Category Archives: Economics

Grey St too be 75% safer

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Over the past 7 years no less than seven people have died travelling to/from/within the Hamilton CBD.
Grey St, Hamilton East has recorded ZERO fatalities.

Better than that, the people from the Hamilton East Community Trust teamed up with HCC, NZTA and WRC to be one of six case studies around Australia and New Zealand being assessed by a team of Austroads traffic safety experts.
The outcome of the team work-shop was that safety improvements were identified that could easily halve the risk of serious injury to people visiting and moving through central Grey St.

Key safety improvements included treatments that helped to manage vehicle speeds, such as raised platforms, gateway treatments, road narrowing, textured surfacing and additional measures.

In fact the Hamilton East team clearly are looking for transformational change – they have a tick for every box.

The ticking of every box is the right thing to do; this allows different treatments to act together to give the greatest overall benefit.
Here are concept drawings showing how different treatments could give a reduction in the risk of fatality or serious injury of up to 75% for many road users.

Lastly page 14 of the Technical Report tells us we can do better than 75% safer:
“Typically this requires speeds below 30 km/h to avoid death if a collision occurs, or even lower speeds (around 20 km/h) to avoid serious injury. For a speed choice of 30 km/h instead of 50 km/h, the estimated reduction in fatal crash risk is 95%”

But this would be a political decision as it was in Helsinki in the 1990s. “The optimal speed limit on an urban street is the lowest limit the political decision makers can accept”

Link to report – Safe System infrastructure on mixed use arterials


Hamilton Population Projections

Many of Hamilton City Council’s past population projections have been within one percent of the current 2018-31 projection linear line (p42&p119), excluding the 2012-22 prediction:

2006-16 Long Term Plan (LTP) 2016 prediction of 159,600 (NZ census estimate 161,400): -1,800 [1.1%]

2009-19 LTP 2019 prediction of 166,500 (p34) current prediction 167,909 (p114): -1,409 [0.8%]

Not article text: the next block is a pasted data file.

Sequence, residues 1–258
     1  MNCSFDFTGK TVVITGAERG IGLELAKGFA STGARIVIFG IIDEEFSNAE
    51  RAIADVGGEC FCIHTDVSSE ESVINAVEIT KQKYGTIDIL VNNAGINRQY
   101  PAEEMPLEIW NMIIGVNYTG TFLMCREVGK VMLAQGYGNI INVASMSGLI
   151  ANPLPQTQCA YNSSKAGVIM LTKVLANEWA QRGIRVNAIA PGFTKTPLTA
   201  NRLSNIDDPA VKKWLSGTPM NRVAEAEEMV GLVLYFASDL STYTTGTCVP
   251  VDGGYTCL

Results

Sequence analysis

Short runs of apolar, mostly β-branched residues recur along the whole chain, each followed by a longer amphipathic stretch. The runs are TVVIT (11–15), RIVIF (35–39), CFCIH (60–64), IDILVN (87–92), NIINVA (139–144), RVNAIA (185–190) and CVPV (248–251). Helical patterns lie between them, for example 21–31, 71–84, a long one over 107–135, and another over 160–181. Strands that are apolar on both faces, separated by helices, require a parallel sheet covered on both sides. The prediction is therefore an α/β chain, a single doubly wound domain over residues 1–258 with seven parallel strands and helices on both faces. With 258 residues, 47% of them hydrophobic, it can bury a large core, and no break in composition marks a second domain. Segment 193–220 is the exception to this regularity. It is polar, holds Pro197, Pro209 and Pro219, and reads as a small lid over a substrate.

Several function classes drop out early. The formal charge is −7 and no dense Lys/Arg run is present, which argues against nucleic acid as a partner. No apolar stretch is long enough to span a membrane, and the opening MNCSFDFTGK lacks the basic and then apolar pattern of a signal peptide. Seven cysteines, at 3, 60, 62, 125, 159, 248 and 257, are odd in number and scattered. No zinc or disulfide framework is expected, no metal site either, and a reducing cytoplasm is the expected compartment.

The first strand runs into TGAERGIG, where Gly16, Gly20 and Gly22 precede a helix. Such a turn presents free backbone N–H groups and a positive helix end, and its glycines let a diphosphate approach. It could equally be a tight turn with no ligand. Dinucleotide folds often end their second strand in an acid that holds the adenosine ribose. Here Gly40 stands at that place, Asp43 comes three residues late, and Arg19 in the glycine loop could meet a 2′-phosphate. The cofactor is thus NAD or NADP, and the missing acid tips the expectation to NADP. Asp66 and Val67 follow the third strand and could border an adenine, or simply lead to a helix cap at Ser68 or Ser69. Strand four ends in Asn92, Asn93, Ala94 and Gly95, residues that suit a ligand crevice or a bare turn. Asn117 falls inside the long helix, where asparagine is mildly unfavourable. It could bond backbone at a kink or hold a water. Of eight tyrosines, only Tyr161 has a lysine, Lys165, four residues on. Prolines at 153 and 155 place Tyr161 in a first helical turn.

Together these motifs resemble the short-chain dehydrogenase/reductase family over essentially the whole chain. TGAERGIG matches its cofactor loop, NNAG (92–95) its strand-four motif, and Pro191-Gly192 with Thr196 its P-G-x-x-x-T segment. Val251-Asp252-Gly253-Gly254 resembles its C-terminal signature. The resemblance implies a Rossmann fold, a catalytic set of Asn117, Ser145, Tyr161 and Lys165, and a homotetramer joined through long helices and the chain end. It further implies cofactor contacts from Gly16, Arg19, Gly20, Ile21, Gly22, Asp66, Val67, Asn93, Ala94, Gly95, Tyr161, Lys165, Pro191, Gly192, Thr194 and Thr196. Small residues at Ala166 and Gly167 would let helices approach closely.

2009-19 LTP 2051 prediction of 242,000 (p34) is above current projection line

2012-22 LTP 2021 prediction of 150,000 (current prediction 171,606): -21,606 fail [14.4%]

2015-25 LTP 2045 prediction of 210,000 (p20) is below current projection line

The 2015-25 LTP also has predictions for rateable units:

2016 projected 56,600 units (p143), above actual 55,995* (p119) +605[1.0%]

2017 projected 57,053 units (p143), above actual 56,706* (p119) +347[0.8%]

*(all excluding not-rated) on Historical Benchmarking (p119) would expect this to be the same for 2015-25 LTP for benchmarking between plans.

Former 10-year Plans  10-year plan 2015-25

Draft 10-year plan 2018-28 from council agenda Dec 2017 (in Italic)


Looking back at council’s first District Scheme in 1963, it missed how attractive Hamilton was to new people. This was corrected with the 1973 District Scheme getting the 1981 projection bang on, while 1986 was 14% over. The 1991 Town Plan came closer at 5% below actual levels for 1996. The 2012 district plan (p26), which was based on 2001 census figures, estimated 2026 levels just below the census data projection line. The 2017 district plan uses Statistics NZ estimates dated June 2013 (p9) to estimate its 2031 population, which lands on the census date line.


Looking forward, the 2018-28 LTP does give warning on the long term risks of planning to the higher line Page 203

“External factors … there has been a modest downward revision to net migration and population growth forecasts nationwide, and this had a small effect on estimated underlying demand for new dwellings. … Over the longer term, if growth was to slow, this could present risks to Council, … all scenarios are based on University of Waikato’s National Institute of Demographic and Economic Analysis (NIDEA) Low which is a conservative growth projection when compared with the medium projection.

To conclude, city populations can and do change. Both New York’s Manhattan Island and Houston’s population grew from about 200,000 to 1,000,000 in a 50 year period, regardless of whether that growth was outwards or upwards in terms of actual building.


1963 – City of Hamilton District Scheme – NZ711-409-931-151-HAM (70-page A5 format)

1973 – City of Hamilton District Scheme – REF-S-711-409-931-151-HAM (37-page A5 format)

1981 – City of Hamilton District Scheme  – REF-S-711-409-931-151-HAM (89-page A4 format)

1991 – City of Hamilton Town Plan – REF-S-711-409-931-151-HAM (315-page A4 format plus appendices)